HYSTERICAL. Absolutely hysterical. Here Comes the Easter Cat is genuinely laugh-out-loud funny. Cat is jealous and wants to replace the Easter Bunny, but pretty much falls apart when he realizes what a strenuous job it is to be the Easter Bunny. Its sequel, Here Comes Santa Cat, is just as funny.

I realize that a story about a girl whose favorite playmate is a maple tree is rather out there, but Maple is such a tender and darling story about the arrival of a baby sister that it immediately became one of my year's favorite picture books. I prefer books that present the arrival of a sibling in a positive manner rather one that is is strongly negative (until the very end), so this one is on my recommendation list when people ask for "new baby books."

I'm a fan of everything Byron Barton creates, but his transportation-themed picture books (which make for great board books as well) are my favorites. My Bus is ideal for the youngest transportation-obsessed listeners. There's also a little bit of addition and subtraction going on throughout the story, which adds a great touch.

Remember the game "Telephone"? Perhaps you played it in Scouts/youth group or at summer camp. It starts when someone whispers a phrase into his/her neighbor's ear, who then does the same; this continues until the last person in the circle has to say the phrase out loud. Of course, it's usually completely different from the original phrase! I play this with my Tween Scene group in the summer, and it's always a hit. Telephone stars a mama bird who asks another bird to pass on an important message for baby bird Peter. As you can imagine, the birds add their own interpretations to the original message.  Mac Barnett's picture books are wildly inventive and funny; this is fabulous.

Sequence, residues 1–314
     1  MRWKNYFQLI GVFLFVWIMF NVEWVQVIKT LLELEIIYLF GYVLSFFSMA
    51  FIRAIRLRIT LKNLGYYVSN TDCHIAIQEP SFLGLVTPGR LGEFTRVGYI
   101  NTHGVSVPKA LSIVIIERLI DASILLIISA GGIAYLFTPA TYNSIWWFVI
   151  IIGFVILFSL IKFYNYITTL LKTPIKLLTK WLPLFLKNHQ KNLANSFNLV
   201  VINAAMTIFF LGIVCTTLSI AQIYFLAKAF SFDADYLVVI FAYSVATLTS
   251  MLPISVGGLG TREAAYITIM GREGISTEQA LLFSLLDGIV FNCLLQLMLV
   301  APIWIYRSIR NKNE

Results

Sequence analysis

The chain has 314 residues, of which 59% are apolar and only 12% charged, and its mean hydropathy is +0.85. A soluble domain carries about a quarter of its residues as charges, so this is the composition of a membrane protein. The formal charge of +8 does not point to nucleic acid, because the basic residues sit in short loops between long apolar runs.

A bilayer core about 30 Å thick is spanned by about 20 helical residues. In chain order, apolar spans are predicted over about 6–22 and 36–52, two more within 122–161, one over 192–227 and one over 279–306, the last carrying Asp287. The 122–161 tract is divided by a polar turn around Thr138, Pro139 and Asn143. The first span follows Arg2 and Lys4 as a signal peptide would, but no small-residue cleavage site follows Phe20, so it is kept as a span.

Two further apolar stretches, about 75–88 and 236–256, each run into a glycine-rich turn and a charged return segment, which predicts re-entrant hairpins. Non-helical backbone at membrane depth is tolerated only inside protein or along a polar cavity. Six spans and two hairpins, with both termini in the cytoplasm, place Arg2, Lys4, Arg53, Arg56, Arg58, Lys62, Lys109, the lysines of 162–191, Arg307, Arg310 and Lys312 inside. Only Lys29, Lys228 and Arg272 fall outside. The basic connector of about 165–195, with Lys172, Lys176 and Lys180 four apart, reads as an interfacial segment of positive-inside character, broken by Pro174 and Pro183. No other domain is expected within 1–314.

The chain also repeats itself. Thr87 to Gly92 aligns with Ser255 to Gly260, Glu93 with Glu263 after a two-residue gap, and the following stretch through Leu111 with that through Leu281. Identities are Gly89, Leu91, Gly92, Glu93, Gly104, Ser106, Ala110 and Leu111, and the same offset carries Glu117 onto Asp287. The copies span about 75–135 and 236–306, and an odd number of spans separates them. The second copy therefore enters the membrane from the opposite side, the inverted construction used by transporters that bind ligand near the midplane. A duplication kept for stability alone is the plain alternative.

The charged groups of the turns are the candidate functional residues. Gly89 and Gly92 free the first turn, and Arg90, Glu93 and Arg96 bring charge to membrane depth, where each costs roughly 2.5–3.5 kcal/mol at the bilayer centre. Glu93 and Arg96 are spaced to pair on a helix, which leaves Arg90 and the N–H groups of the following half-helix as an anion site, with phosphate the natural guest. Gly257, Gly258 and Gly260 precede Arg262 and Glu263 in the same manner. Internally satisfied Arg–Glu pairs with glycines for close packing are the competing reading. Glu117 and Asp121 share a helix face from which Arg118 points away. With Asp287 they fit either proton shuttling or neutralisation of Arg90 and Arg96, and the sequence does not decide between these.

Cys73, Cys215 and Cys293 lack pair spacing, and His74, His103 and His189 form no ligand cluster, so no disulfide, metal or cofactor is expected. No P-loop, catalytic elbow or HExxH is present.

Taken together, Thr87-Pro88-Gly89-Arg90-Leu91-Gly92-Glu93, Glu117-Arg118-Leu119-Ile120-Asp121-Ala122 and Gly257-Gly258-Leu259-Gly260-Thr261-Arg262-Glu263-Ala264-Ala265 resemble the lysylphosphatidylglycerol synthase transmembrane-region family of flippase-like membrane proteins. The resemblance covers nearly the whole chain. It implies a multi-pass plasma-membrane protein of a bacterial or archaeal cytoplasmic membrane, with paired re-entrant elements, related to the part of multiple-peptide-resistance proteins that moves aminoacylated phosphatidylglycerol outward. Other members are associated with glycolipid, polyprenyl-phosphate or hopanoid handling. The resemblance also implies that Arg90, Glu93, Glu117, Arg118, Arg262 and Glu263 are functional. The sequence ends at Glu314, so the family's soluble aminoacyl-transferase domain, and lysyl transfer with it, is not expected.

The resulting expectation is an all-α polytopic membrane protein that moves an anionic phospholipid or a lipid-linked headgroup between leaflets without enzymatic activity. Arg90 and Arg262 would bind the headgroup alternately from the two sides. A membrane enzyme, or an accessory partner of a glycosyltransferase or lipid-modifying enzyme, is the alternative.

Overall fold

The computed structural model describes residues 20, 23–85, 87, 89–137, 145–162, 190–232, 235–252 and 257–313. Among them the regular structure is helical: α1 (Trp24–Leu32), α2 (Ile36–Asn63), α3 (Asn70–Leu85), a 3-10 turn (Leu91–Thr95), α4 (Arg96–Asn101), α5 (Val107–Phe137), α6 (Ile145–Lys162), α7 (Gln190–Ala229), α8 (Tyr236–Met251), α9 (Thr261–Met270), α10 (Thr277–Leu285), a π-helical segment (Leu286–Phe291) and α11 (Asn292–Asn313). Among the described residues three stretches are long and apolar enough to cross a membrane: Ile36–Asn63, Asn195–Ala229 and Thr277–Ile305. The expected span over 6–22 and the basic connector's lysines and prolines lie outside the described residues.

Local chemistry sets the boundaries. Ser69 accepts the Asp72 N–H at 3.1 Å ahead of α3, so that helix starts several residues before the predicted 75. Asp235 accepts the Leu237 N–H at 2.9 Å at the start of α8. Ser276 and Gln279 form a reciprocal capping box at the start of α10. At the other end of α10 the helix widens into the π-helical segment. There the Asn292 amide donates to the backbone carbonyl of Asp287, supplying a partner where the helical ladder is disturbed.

And now, for my probably wildly off-the-wall predictions for Monday's big announcements!

Newbery: Brown Girl Dreaming
Honors: Rain Reign, Revolution, El Deafo (some are naming El Deafo for the Newbery; will be interesting to see if the committee can name a graphic novel according to the Newbery criteria)